That’s why it’s crucial to understand your buyer’s wants and needs, so you can empower them to accomplish their goals at any stage of their journey.
As potted plants grow, they may occasionally become root-bound and need to be repotted into a larger container with more breathing room. Some sure signs it’s time to repot include roots peeking up through the soil’s surface or creeping down through the pot’s drainage holes. If water pours out of the drainage holes during watering, this can also indicate the plant needs more soil to accommodate its roots.
Awareness: Know what you sow.
Sowing your asparagus fern seeds can be a delicate venture. Thyming is everything, both with plants and with inbound marketing. You need to give yourself thyme for your seeds to germinate and attract attention.
This is like your awareness content. You can’t expect new prospective leads to immediately sprout. Feeding your audience with needs-based content is like watering a seed, growing that initial connection.
Consideration: You grow, girl.
Once you get that sprout, it’s time for a little more dirt. Give your fern sprout room to grow, and wait for it to flourish. This is like your consideration content. Your buyers are enjoying the room, looking for interesting new avenues to take, and discovering new ways to grow.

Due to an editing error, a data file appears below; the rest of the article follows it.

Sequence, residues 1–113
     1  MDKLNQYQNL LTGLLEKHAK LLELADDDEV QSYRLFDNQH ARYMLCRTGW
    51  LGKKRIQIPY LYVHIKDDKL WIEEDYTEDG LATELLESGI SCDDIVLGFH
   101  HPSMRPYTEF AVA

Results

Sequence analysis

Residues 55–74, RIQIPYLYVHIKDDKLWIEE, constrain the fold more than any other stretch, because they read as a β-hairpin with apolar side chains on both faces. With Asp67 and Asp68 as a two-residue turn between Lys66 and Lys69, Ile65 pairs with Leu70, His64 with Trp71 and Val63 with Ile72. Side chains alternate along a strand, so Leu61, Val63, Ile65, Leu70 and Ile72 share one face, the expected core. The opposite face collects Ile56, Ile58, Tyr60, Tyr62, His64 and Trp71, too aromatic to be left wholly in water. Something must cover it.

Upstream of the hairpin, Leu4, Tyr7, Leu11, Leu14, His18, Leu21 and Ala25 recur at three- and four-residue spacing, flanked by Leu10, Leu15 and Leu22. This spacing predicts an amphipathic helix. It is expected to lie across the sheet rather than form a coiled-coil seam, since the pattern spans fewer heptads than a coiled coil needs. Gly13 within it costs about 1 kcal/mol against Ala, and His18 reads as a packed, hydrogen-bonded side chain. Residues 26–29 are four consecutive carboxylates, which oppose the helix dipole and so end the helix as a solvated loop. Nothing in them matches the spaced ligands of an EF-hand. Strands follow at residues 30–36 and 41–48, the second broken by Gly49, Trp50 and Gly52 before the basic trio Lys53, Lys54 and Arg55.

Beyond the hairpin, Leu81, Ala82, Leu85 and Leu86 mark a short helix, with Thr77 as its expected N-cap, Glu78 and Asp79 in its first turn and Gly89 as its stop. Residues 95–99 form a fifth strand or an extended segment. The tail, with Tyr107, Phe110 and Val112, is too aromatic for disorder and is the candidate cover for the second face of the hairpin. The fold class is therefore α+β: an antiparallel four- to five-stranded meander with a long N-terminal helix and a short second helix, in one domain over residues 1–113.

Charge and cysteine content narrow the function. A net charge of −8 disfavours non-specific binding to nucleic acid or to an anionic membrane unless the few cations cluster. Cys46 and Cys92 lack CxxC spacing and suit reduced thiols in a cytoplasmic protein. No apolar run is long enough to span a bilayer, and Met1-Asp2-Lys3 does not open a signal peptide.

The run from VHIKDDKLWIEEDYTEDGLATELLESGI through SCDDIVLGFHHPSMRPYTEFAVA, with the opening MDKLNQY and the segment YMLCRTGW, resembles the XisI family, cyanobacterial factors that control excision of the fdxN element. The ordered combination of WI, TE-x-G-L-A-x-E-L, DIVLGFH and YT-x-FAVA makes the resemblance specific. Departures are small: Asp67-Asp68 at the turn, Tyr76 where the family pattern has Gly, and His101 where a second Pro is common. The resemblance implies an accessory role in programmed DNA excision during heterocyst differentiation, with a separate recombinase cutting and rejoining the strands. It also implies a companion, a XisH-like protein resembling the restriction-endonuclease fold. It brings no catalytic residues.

Although it may be tempting to just plop the sprout in its destination pot, resist the urge. Much like your buyers, your seedling needs time to get to know its environment before it wants to stick around.
Decision: Create lawn-distance relationships.
Now that your seedling has roots and is looking for more nourishment, it’s time to put that plant in its pot and get ready to help it grow into what it wants to be. This is like decision content. The pot, soil, fertilizer, and even placement of the plant are all like your decision-level content.
Watering needs to happen regularly, and at the right time, just like content delivery. Keep giving your fern—or any plant—what it needs to grow, and you’ll develop happy, thriving lawn-distance relationships.
All Dressed Up and Nowhere to Grow
Developing Buyer Personas
Your buyers are kind of like the care cards nurseries add to plants. The cards give you everything you need to know to help them thrive.
Don’t be the person who doesn’t read the care card and brings home trays of budding beauties only to leave them languishing in their tiny nursery containers. And don’t be the person who just wants their garden to be pretty but doesn’t understand the difference between plants that shimmy in the shade and blooms that burst into beauty under the rays of full sun.